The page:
Valkyrie (2008)

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Released:  Thursday, December 25, 2008  
Length:  120 minutes
Studio: MGM Studios
Genre: Drama/Suspense
Rating: Valkyrie is rated PG-13 by the Motion Picture Association of AmericaSome material may be inappropriate for children under 13.


At the height of WWII, a group of German officers hatched a plot to assassinate Hitler and seize control of the military command in order to end the war. The operation was code-named "Valkyrie", for the emergency plan that was meant to be used in case of a revolt against the Nazi government. This plan had been modified by the conspirators to ensure their success, but for various reasons the plot failed when finally carried out on 20 July 1944. The conspirators of the inner circle were shot after a kangaroo trial or sentenced to death soon after.

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Valkyrie Theatrical Review

This honestly is a hard movie to review.  We can give away the plot, since it's based on a true story (they don't kill Hitler), so all that's left is the technical aspects of the film.

Valkyrie has an amazing mix of very talented actors, that at times appeared to be a reunion from Pirates of the Caribbean.  Bill Nighy (Davey Jones) plays General Friedrich Olbricht, Tom Hollander (Lord Cutler Beckett) plays Colonel Heinz Brandt, who is Hitler's attaché, David Schofield (Mercer) plays Erwin von Witzleben, and Kevin McNally (Gibbs) plays Dr. Carl Goerdeler, a politician.  We also have Kenneth  Branagh (Henry V, Hamlet, Much Ado about Nothing) as Major General Henning von Tresckow, Tom Wilkinson (Michael Clayton, The Patriot) as General Friedrich Fromm, Terence Stamp (Superman II, Get Smart) as Ludwig Beck, and Eddie Izzard (The Riches) as General Erich Fellgiebel.  All of these actors gave it their all, and contributed enormously to the film.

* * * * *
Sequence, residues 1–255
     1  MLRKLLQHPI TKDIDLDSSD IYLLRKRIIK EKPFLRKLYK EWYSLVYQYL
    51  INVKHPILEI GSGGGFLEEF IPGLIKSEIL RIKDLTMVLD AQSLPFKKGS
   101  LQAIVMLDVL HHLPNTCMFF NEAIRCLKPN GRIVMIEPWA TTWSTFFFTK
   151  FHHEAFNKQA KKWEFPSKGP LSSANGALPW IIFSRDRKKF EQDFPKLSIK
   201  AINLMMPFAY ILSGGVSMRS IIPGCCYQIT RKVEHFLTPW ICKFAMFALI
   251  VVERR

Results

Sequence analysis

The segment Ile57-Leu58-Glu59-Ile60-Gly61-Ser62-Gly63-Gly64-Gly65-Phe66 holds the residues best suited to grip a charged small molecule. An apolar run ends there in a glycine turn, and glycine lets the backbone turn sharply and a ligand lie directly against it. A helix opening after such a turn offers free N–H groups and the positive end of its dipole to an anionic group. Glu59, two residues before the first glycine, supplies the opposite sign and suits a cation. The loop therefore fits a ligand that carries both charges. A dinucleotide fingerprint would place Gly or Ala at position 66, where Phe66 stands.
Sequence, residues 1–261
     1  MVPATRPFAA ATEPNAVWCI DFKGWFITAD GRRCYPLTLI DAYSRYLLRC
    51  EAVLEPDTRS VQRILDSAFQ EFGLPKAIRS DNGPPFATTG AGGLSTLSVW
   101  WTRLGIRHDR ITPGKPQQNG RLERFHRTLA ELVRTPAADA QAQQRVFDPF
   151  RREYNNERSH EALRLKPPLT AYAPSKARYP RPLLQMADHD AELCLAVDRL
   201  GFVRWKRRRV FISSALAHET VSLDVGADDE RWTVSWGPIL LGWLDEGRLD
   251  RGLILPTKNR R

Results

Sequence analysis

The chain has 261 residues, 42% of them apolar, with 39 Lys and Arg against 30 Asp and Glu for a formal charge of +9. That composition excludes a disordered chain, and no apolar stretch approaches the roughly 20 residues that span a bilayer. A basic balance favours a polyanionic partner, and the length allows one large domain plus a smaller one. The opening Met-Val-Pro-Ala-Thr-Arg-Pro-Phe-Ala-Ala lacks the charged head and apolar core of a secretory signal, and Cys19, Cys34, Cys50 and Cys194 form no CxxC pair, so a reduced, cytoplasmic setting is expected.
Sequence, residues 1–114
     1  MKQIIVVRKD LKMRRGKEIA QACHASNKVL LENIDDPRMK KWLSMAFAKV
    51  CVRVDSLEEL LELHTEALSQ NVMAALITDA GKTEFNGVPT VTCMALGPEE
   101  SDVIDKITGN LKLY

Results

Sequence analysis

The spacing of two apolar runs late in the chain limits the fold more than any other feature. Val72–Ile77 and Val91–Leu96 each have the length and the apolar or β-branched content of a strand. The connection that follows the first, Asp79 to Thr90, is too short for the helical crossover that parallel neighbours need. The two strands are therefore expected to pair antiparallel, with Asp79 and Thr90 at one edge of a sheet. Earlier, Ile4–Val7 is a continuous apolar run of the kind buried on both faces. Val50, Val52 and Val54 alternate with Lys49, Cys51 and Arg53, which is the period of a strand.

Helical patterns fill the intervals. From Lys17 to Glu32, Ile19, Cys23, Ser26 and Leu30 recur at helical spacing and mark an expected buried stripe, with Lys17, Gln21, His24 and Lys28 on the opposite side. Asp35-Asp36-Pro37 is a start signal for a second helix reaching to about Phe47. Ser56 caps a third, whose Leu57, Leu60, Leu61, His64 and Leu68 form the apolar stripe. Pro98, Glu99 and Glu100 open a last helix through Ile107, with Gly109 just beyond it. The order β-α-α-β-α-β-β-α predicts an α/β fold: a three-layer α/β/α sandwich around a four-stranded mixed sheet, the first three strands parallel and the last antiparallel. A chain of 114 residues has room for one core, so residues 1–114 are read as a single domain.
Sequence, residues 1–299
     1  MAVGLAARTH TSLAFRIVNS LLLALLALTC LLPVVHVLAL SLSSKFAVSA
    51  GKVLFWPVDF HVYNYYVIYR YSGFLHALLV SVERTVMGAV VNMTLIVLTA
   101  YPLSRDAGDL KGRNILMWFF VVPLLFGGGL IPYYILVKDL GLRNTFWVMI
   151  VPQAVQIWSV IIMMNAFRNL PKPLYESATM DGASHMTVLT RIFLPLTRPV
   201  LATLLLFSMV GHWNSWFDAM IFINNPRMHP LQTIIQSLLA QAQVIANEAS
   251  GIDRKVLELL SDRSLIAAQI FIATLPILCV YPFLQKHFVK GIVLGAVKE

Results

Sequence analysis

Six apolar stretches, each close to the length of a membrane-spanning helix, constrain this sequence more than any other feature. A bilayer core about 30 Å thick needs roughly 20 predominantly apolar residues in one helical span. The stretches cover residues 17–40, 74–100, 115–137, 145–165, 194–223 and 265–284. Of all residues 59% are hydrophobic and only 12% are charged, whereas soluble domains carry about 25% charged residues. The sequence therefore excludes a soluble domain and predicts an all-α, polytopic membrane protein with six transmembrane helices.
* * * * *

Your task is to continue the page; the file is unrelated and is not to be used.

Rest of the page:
Then we get to the star of the film, Tom Cruise, who plays the "hero" of this story, Colonel Claus von Stauffenberg.  We are introduced to Col. Stauffenberg first thing, as he is writing in his diary (while stationed in North Africa as part of the Afrika Korps) about how he dislikes what Hitler has done to his beloved Germany, and how he only hoped that there was a higher-up in the military that feels the same way.  His camp is then attacked by American fighter planes, and during the attack he suffers injuries that result in losing his right hand, two fingers from his left, and his left eye.  After he recovers, he is transferred to a desk top in Berlin assigned to (you guessed it!) a general who feels the same way he does about Hitler (General Friedrich Olbricht).   Stauffenberg is recruited by this group of military personnel and politicians who want to see Hitler removed from power and a truce negotiated with the Allies to end the war.

As we know from history, their attempt to kill Hitler fails, and almost everyone involved is executed later.  But what about the film?

It isn't a problem that the actors don't use German accents in the film: basically everyone in the film is German, so what we're watching is a film in English for America/England, so there is no need to fake accents on everyone that would be speaking the same language if this film had been made by Mel Gibson (The Passion of the Christ, Apocalypto) .  The film is directed by Bryan Singer, and in whole he does a good job with what he was given.  The film stumbles around some of the details of the plot, and with the leading actor.

Tom Cruise appears to have taken lessons from Kevin Costner for this film.  It's like he couldn't act his way out of a paper bag.  It is like watching Tom Cruise play himself for the role, while I could believe the other actors, especially Terence Stamp, Bill Nighy and Tom Wilkinson's performances, all three of which shine in this movie.  Tom needs to go back and just play Les Grossman for a while.  At least he was truly funny and I did believe he was acting rather than just playing himself with a uniform on.

The other stumble was with the plot, mostly because of the motives behind the reason to kill Hitler.  Yes, with hindsight, everyone should have wanted to kill him, but in real life, the group that wanted to kill him didn't want to undo everything Hitler had done – originally they still wanted to keep Poland, Austria and Hungary as part of the German Empire.  By the time the July 1944 rolled around, they were willing to accept a lot less since they knew the Allies wanted unconditional surrender.  There wasn't enough back-story to understand and accept why all these people hated Hitler, especially since Col. Stauffenberg made his diary entry *before* he lost body parts.   In fact, almost none of the characters ever discussed why they wanted to see the plot to kill Hitler succeed.

Even with these stumbles, this film was ever so close from being a almost perfect film, but unfortunately the leading actor's performance drags it down.  Without his performance, this film would be either a B+ or an A-.  The other actors held this film on their shoulders but it isn't enough.


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